Ver. 118. "Sir! you have an eye."] It is remarkable that, amongst the compliments on his infirmities and deformities, he mentions his eye, which was fine, sharp, and piercing. It was done to intimate, that flattery was as odious to him when there was some ground for commendation, as when there was none. Warburton.

Ver. 111 in the MS.


For song, for silence, some expect a bribe;
And others roar aloud, "Subscribe, subscribe!"
Time, praise, or money, is the least they crave;
Yet each declares the other, fool or knave.


Go on, obliging creatures, make me see
All that disgraced my betters, met in me.
Say for my comfort, languishing in bed,
"Just so immortal Maro held his head :"
And when I die, be sure you let me know
Great Homer died three thousand years ago.
Why did I write? what sin to me unknown 125
Dipp'd me in ink? my parents', or my own?
As yet a child, nor yet a fool to fame,
I lisp'd in numbers, for the numbers came.
I left no calling for this idle trade,
No duty broke, no father disobey'd.


The muse but served to ease some friend, not wife,
To help me through this long disease, my life;
To second, ARBUTHNOT! thy art and care,
And teach, the being you preserved, to bear.


Ver. 128. I lisp'd in numbers,]

From Ovid:

"Sponte suâ carmen numeros veniebat ad aptos,

Et quod conabar scribere, versus erat." Warton. Ver. 130. no father disobey'd.] When Mr. Pope was yet a child, his father, though no poet, would set him to make English verses. He was pretty difficult to please, and would often send the boy back to new-turn them. When they were to his mind, he took great pleasure in them, and would say, These are good rhymes. Warburton.


After Ver. 124 in the MS.

But, friend, this shape, which you and Curll admire,
Came not from Ammon's son, but from my sire;

And for my head, if you'll the truth excuse,

I had it from my mother, not the muse. Happy, if he, in whom these frailties join'd, Had heir'd as well the virtues of the mind. VOL. VI.


A. But why then publish? P. Granville the polite, And knowing Walsh, would tell me I could write; Well-natured Garth inflamed with early praise, And Congreve loved, and Swift endured my lays; The courtly Talbot, Somers, Sheffield, read, Even mitred Rochester would nod the head, 140


Ver. 135. But why then publish?] To the three first names that encouraged his earliest writings, he has added other friends, whose acquaintance with him did not commence till he was a poet of established reputation. From the many commendations which Walsh, and Garth, and Granville bestowed on his Pastorals, it may fairly be concluded how much the public taste has been improved, and with how many good compositions our language has been enriched since that time. When Gray published his exquisite Ode on Eton College, his first publication, little notice was taken of it but I suppose no critic can be found that will not place it far above Pope's Pastorals. Warton.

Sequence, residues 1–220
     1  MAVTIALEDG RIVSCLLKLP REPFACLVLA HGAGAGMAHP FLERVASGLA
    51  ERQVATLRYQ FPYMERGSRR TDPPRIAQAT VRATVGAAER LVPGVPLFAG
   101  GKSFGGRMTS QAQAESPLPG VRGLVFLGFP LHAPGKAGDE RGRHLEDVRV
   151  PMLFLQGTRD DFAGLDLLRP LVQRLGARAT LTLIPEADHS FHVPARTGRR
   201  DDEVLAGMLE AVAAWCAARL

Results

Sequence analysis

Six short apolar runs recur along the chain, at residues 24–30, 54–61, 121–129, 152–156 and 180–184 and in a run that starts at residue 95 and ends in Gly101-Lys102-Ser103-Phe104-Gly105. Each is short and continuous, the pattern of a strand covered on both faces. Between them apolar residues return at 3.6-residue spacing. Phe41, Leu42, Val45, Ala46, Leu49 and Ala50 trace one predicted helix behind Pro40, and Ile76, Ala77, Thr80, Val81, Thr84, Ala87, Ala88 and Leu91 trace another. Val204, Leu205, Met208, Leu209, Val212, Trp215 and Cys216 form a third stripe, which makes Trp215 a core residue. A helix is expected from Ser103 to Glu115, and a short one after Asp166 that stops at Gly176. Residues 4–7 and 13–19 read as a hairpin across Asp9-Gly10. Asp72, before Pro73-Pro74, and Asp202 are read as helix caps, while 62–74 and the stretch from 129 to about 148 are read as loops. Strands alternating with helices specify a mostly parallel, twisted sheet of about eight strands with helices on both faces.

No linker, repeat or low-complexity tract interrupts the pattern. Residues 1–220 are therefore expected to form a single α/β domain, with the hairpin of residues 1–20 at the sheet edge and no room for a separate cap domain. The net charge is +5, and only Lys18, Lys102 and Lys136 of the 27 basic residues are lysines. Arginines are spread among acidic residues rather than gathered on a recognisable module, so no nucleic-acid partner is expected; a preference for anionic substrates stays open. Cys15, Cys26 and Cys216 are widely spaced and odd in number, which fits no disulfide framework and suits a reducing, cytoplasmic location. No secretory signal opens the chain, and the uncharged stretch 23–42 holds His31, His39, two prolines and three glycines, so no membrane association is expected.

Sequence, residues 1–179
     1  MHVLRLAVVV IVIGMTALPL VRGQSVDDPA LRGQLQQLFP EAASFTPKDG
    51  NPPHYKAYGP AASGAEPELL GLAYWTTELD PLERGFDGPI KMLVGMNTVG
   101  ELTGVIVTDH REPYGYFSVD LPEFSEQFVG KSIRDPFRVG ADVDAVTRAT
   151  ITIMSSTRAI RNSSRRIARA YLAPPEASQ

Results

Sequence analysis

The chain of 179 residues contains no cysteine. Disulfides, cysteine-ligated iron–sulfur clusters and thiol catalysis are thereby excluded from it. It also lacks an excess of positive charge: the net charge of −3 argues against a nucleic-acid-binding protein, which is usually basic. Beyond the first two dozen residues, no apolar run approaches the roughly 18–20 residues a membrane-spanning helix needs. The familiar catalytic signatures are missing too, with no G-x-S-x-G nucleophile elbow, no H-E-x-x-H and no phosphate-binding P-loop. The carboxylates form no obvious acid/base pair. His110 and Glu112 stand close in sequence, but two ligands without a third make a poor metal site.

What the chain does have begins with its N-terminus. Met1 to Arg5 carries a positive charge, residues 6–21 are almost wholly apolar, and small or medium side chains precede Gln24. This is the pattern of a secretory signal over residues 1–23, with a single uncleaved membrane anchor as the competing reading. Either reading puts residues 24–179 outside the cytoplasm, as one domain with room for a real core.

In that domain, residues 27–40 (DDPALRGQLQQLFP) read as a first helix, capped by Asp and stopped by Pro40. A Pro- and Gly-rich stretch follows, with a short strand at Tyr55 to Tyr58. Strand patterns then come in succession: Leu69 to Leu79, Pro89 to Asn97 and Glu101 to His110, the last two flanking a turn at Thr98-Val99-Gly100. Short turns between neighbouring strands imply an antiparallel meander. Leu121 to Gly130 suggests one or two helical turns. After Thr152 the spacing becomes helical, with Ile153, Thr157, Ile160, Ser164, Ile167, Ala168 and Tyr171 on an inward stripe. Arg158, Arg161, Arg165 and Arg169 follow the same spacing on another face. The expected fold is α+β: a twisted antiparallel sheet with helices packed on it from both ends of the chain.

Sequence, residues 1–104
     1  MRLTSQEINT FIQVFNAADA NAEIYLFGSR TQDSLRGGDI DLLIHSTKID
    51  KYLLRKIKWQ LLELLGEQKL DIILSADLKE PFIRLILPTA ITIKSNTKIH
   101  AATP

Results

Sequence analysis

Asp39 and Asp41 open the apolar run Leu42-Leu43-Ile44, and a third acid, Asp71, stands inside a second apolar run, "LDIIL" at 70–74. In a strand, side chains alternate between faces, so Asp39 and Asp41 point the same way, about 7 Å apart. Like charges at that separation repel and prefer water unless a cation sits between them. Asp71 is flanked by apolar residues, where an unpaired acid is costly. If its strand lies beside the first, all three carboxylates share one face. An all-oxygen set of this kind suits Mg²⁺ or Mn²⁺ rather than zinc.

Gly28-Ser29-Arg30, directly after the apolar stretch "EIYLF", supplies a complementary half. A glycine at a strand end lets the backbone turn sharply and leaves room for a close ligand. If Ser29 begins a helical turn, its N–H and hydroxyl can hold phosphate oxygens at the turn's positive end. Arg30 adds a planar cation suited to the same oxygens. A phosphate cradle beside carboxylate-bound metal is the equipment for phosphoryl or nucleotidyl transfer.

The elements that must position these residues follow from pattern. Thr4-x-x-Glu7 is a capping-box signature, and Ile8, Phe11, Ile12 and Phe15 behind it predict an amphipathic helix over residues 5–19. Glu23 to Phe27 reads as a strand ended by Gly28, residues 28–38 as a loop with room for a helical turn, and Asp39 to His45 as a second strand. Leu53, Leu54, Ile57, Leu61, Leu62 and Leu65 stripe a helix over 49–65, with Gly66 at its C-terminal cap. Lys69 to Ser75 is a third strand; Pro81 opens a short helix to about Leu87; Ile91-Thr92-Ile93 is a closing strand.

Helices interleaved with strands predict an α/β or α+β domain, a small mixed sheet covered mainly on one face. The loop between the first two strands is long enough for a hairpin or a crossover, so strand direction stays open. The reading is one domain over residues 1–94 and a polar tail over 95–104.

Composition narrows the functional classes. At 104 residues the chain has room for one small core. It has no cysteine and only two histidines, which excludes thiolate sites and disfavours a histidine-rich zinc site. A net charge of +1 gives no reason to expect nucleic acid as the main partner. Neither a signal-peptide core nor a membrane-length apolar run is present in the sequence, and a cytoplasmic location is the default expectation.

That Gray's Ode on Eton College was received with indifference is certainly no proof of the improvement of the public taste; nor does there seem much propriety in commending it here, in order to depreciate Pope's Pastorals, to which it bears no resemblance.

Ver. 139. Talbot, &c.] All these were patrons or admirers of Mr. Dryden; though a scandalous libel against him, entitled, Dryden's Satire to his Muse, has been printed in the name of the Lord Somers, of which he was wholly ignorant.

These are the persons to whose account the author charges the publication of his first pieces: persons with whom he was conversant (and he adds beloved) at 16 or 17 years of age; an early period for such acquaintance. The catalogue might be made yet more illustrious, had he not confined it to that time when he writ the Pastorals and Windsor Forest, on which he passes a sort of censure in the lines following:

"While pure description held the place of sense," &c. Pope. Every word and epithet here used is exactly characteristical, and peculiarly appropriated, with much art, to the temper and manner of each of the persons here mentioned; the elegance of